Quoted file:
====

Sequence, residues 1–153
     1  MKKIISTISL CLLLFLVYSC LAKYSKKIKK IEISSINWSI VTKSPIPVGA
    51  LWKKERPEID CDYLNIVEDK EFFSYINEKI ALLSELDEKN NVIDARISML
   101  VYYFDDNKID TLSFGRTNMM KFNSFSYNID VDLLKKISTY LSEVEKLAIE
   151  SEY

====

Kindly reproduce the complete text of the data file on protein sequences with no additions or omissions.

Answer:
Sequence, residues 1–153
     1  MKKIISTISL CLLLFLVYSC LAKYSKKIKK IEISSINWSI VTKSPIPVGA
    51  LWKKERPEID CDYLNIVEDK EFFSYINEKI ALLSELDEKN NVIDARISML
   101  VYYFDDNKID TLSFGRTNMM KFNSFSYNID VDLLKKISTY LSEVEKLAIE
   151  SEY